editorial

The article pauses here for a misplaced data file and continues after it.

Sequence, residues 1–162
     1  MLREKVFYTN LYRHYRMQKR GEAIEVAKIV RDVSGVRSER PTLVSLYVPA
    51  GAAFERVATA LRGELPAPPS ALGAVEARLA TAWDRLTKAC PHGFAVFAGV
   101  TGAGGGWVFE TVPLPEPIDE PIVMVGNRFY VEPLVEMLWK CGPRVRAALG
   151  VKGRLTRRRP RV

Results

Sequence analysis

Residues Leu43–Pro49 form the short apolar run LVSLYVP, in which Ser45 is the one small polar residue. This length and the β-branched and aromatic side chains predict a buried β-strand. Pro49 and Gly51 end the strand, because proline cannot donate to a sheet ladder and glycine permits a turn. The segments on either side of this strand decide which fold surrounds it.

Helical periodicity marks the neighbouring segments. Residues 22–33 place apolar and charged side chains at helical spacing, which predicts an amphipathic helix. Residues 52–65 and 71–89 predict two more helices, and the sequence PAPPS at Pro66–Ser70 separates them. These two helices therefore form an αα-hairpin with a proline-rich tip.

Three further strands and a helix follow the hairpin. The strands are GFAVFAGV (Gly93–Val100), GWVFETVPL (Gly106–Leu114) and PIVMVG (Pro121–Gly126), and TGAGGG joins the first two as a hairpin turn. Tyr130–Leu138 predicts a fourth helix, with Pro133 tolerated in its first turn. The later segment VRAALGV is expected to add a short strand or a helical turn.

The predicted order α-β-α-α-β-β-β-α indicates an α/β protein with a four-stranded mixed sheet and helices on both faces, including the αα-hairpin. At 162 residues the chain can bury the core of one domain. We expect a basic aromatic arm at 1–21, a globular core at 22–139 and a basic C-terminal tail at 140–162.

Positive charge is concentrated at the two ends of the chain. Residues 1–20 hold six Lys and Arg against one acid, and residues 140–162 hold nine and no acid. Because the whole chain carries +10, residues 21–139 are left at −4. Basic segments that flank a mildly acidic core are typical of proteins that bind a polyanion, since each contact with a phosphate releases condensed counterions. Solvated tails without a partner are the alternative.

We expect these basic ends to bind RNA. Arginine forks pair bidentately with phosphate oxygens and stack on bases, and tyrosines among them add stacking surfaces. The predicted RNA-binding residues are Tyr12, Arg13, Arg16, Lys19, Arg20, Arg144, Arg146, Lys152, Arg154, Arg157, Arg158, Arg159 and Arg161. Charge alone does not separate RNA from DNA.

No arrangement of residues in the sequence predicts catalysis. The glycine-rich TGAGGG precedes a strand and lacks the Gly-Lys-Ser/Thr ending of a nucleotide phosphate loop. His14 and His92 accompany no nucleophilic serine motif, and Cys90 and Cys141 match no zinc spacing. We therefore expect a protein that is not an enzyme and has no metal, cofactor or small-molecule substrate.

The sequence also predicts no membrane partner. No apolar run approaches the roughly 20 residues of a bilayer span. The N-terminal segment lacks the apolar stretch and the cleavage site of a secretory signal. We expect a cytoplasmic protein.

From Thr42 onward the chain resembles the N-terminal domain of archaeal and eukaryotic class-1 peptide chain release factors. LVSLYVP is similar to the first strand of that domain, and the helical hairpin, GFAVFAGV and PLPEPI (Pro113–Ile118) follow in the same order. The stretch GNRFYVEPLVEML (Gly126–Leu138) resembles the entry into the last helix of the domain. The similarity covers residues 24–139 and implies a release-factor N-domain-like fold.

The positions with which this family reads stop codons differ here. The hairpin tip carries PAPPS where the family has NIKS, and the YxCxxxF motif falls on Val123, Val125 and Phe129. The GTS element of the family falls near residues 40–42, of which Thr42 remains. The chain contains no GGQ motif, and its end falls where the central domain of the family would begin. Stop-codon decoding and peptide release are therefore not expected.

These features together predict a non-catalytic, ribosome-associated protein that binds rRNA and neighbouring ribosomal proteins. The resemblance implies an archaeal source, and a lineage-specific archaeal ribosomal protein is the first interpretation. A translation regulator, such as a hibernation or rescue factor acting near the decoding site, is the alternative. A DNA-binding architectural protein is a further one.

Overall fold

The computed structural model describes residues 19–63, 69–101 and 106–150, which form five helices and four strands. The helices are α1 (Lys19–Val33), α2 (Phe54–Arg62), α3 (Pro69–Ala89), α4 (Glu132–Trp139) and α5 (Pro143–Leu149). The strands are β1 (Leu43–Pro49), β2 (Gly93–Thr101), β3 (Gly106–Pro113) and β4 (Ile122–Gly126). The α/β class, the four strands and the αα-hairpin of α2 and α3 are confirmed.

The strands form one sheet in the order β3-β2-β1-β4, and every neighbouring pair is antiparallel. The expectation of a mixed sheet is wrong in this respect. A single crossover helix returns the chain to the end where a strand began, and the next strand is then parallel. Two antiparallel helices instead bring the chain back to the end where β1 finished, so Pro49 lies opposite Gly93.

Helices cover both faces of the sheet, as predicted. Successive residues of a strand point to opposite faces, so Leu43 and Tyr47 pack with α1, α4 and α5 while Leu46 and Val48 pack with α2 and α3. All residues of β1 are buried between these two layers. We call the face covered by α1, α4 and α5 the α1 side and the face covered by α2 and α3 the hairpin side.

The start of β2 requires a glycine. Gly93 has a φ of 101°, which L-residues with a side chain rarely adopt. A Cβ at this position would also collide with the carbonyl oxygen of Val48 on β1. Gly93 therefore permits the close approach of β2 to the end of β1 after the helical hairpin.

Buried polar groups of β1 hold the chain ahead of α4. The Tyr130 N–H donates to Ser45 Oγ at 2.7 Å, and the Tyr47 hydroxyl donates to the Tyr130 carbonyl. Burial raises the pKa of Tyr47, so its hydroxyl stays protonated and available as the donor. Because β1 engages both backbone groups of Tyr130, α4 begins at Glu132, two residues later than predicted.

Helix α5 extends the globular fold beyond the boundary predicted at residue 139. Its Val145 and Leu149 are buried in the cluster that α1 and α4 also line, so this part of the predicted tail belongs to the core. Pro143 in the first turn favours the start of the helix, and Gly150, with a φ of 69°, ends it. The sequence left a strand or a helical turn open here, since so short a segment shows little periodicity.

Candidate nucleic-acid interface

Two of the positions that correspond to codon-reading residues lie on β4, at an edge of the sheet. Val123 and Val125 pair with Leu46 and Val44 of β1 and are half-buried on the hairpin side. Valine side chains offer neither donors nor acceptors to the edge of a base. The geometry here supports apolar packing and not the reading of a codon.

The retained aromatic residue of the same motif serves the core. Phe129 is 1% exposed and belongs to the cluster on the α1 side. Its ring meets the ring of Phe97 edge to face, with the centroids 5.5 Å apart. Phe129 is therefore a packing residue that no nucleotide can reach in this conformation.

On Feb. 15, Whistler council decided that rezoning chalets and villas was of such significance to the community that there should be at least five council members present to vote on each application. This week, two years after first deciding to tackle the chalet and villa issue, six councillors couldn’t decide if they are going about it the right way, so they have suspended further review while they ponder the best approach. In the meantime, all those who have tried to legalize their operations are stymied and subject to the May 1 deadline to cease and desist. It’s been a painfully long learning curve for council to get to this point. Those who’ve stayed awake through the various information sessions, public hearings and council meetings of the last two years may recall that temporary commercial use permits, TCUPS, were the direction council initially took to deal with chalets and villas. There was also some discussion of limiting chalets and villas to designated resort lands. But after exploring these roads council and staff changed direction and opted for rezoning. Now they appear ready to change course again. Enforcing the existing bylaw which prohibits nightly rental of most single family homes — which is at the root of this whole issue — is one option. Putting all chalets and villas in a new subdivision, where they won’t impact on residents, is another. Whether visitors would be happy staying in a subdivision full of other visitors remains to be seen. In fairness to council, it should be remembered that a lot of time has been spent trying to find a workable solution to the chalets and villas issue because the WRA, Whistler-Blackcomb, various tour operators and property managers all insisted they were serving a market Whistler could not afford to lose. That was the motivation; the motivation was not to find a way for people to finance their homes or, as the campaign which has seen dozens of letters sent to council in the last few months implies, to give all home owners the option of rezoning their property and increasing its value. Last week, at a public hearing for six villa rezoning applications, neighbours and residents spoke passionately and eloquently against chalets and villas. Some had horror stories of all-night parties that kept them awake. Others had no problems with the current owners or operators but wondered if the next owner of a house that was permanently zoned for chalet use would be so conscientious. In short, neighbours wondered why they should have to put up with potential disruptions and uncertainty in their homes for the good of the resort. Having spent two years on the issue and tried various approaches, it now appears council has few options left other than to enforce the existing bylaw prohibiting nightly rentals. Coming off a record-breaking winter, it’s easy to say Whistler doesn’t need the chalet/villa market — and it has probably lost much of it for next year already by taking so long to act. But this could also be an opportunity to bring back bed & breakfasts and pensions, many of which have been operated as chalets or villas recently because its been cheaper and easier to do so. And remember too, there are still places such as Nicklaus North where it is legal to rent by the night. In other words, the high-end market for villas can still be served. But having made a meal of this issue for two years and, dare we say, municipal elections on the horizon, it’s time for council to mercifully end this matter. Enforce the existing bylaw and return all the application fees.

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